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Clinical Updates

Yoshiki Miyachi, MD, PhD

Skin Diseases First Described by Japanese Dermatologists. Part 3: Eosinophilic Pustular Folliculitis

Yoshiki Miyachi

Wednesday, February 08, 2012

Eosinophilic pustular folliculitis (EPF) is a chronic pruritic and non-infectious inflammatory skin disease characterized by massive eosinophilic infiltration involving the pilosebaceous units that was first described by Professor Ofuji of Kyoto University, Japan.1 Although not a common skin disease, dermatologists should consider EPF when encountering patients with inflammatory acne or dermatophyte folliculitis who do not respond to ordinary treatment.

Although most of the classic types of EPF have been reported in Japan, it is important for dermatologists from all over the world to recognize EPF because immunosuppression-associated EPF has now been recognized as an HIV-related skin disease. Recently, we performed a nation-wide survey of EPF in Japan, as well as some basic research to investigate the pathomechanisms of EPF, and therefore in this article, I would like to introduce the latest viewpoints on EPF.

Definition and Epidemiology

EPF was first reported in 1965 by Ofuji as a follicular variant of subcorneal pustular dermatosis; in 1970, it was termed EPF and was deemed to be a novel clinical entity. It is now also referred to as Ofuji disease.2 EPF consists of chronic and recurrent itchy follicular papules and sterile pustules, which extend peripherally and have a central clearing tendency. Histopathologically, it is characterized by the eosinophil infiltrates in the pilosebaceous unit.

The three variations of EPF are:3

  1. Classic EPF
  2. Immunosuppression-associated EPF (mostly HIV-related)
  3. Infancy-associated EPF

Infancy-associated EPF, which is usually found on the scalp of children and has a good clinical response to corticosteroids, may be somewhat different from adult EPF.4 Epidemiological studies reveal that classic EPF occurs in young adults aged 20-30 years old, with a male/female ratio of 4.8/1 in Japan.5 The most commonly affected lesion of classic EPF is located on the face (85%); however, the eruptions can also be seen on the back, the arms and the chest. 

Recently, we have undertaken a national survey of EPF in Japan and collected data on 147 cases of EPF in 2011. Although the exact incidence or prevalence still remains unclear, there seems to be a few hundred EPF patients under treatment during 2011 in Japan, the population of which is approximately 120 million. As shown in Table 1, most of the cases were classic EPF (92.5%) and only 6.8% of cases were HIV associated, which seems to differ from Western countries, in which the overwhelming majority of EPF cases are found in patients with HIV, and classic/infantile EPF cases are much less common.3 Over 91% of EPF patients responded to oral indomethacin, whereas topical steroids, oral antibiotics and oral cyclosporine were effective in only 50-60% of patients. This is why indomethacin is considered to be the first-choice treatment for EPF in Japan.6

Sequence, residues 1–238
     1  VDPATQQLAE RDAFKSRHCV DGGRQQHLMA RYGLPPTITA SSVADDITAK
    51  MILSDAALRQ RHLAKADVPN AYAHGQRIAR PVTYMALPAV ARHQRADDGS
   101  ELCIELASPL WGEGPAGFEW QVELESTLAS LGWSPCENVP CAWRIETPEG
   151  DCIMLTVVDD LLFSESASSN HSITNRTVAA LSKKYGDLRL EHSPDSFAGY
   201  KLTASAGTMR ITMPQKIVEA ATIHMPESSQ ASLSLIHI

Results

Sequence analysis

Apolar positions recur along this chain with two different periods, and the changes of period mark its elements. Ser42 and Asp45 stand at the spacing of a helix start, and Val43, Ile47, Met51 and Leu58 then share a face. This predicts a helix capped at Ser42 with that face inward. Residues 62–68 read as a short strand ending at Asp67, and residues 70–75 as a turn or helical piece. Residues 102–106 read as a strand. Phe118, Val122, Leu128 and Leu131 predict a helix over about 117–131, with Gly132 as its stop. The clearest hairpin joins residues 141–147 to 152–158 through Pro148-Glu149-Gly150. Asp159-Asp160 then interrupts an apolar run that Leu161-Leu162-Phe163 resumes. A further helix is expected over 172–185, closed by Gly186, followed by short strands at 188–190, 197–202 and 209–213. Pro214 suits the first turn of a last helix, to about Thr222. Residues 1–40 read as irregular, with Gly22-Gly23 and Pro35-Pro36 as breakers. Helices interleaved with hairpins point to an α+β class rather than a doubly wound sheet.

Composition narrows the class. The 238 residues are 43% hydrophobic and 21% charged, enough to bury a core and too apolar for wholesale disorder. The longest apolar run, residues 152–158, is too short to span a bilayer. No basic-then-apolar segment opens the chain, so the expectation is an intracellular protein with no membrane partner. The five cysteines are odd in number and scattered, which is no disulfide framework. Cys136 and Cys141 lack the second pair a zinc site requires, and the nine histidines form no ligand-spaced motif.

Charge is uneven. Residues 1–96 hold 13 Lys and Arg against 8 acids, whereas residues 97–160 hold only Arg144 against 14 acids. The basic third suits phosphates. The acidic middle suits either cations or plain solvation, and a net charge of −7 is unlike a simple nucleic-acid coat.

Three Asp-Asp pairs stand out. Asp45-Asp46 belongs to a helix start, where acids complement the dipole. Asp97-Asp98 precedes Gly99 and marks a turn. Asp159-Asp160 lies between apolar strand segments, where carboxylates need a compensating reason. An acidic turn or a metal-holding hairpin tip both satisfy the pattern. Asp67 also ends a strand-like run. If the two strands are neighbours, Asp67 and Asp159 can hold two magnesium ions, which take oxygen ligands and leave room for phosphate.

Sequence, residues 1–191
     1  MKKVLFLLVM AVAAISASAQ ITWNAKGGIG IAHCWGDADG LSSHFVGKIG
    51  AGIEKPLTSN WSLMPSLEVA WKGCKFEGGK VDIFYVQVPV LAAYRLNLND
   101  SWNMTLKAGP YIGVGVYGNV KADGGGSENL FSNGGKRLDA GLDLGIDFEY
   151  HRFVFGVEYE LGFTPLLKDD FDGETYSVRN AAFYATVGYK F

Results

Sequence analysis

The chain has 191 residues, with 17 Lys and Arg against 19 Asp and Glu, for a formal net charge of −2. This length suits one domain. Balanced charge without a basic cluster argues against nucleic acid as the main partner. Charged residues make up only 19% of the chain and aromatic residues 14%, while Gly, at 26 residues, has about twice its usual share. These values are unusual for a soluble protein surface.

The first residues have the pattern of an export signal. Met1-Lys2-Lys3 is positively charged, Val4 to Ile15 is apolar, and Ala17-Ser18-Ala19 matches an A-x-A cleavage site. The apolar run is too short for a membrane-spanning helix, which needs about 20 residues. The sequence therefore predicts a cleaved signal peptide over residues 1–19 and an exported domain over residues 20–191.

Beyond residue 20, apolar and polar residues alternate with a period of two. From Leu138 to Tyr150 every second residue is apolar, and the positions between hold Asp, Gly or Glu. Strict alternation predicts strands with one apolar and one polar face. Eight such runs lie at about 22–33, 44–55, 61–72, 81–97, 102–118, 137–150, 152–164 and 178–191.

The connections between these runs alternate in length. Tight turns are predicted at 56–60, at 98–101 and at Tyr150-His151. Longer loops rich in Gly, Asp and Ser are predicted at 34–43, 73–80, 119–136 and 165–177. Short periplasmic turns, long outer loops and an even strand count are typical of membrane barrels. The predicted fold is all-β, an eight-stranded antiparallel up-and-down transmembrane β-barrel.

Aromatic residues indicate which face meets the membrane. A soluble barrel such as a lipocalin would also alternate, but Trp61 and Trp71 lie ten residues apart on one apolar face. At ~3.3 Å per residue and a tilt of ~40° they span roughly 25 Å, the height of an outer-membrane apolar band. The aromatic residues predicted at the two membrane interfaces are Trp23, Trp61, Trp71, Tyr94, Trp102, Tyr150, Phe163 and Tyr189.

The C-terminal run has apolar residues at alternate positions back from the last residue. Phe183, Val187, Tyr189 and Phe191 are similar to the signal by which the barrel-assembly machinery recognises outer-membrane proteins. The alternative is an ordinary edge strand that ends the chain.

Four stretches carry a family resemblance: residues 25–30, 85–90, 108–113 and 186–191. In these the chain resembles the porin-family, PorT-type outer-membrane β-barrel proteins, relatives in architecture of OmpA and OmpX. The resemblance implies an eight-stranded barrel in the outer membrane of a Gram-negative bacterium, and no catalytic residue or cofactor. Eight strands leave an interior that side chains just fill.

Table 1. Results of Our National Survey on 147 EPF Cases in Japan (2011). 
 (Miyachi Y et al: Reported to Ministry of Health, Labour and Welfare, Japan.)


As for the mechanism of eosinophilic accumulation in pilosebaceous units, it has been reported that the eosinophilic chemotactic factor was found in skin-surface lipid products.7 This appears to be a reasonable explanation because most EPF lesions are distributed in the seborrheic region of patients with a past history of acne.

Most cases of immunosuppression-associated EPF are seen in patients with AIDS, and show features both common and different to classic EPF. It is reported that eotaxin and T-helper (Th)2 cytokines play a crucial role in eosinophil recruitment and inflammation, leading to the tissue injury of hair follicles.8

We investigated further the exact mechanism of how eosinophils are attracted to pilosebaceous units. We performed immunostaining for prostaglandin (PG) synthases in EPF skin lesions, which were detected mainly in infiltrating inflammatory cells in EPF lesions, implying that PGD2 is produced in the lesions. In addition, PGD2 increased the expression of eotaxin-3 in sebocytes in a dose-dependent manner. Consistent with the above findings, eotaxin-3 expression was immunohistochemically intensified in sebaceous glands of EPF lesions.9 These findings indicate that PGD2 induces eotaxin production from sebocytes, which may explain the large number of eosinophils observed around pilosebaceous units in EPF (Figure 1).

Figure 1. Eosinophils are attracted to pilosebaceous units by PGD2-dependent production of eotaxin in sebocytes.


Clinical Manifestations and Laboratory Findings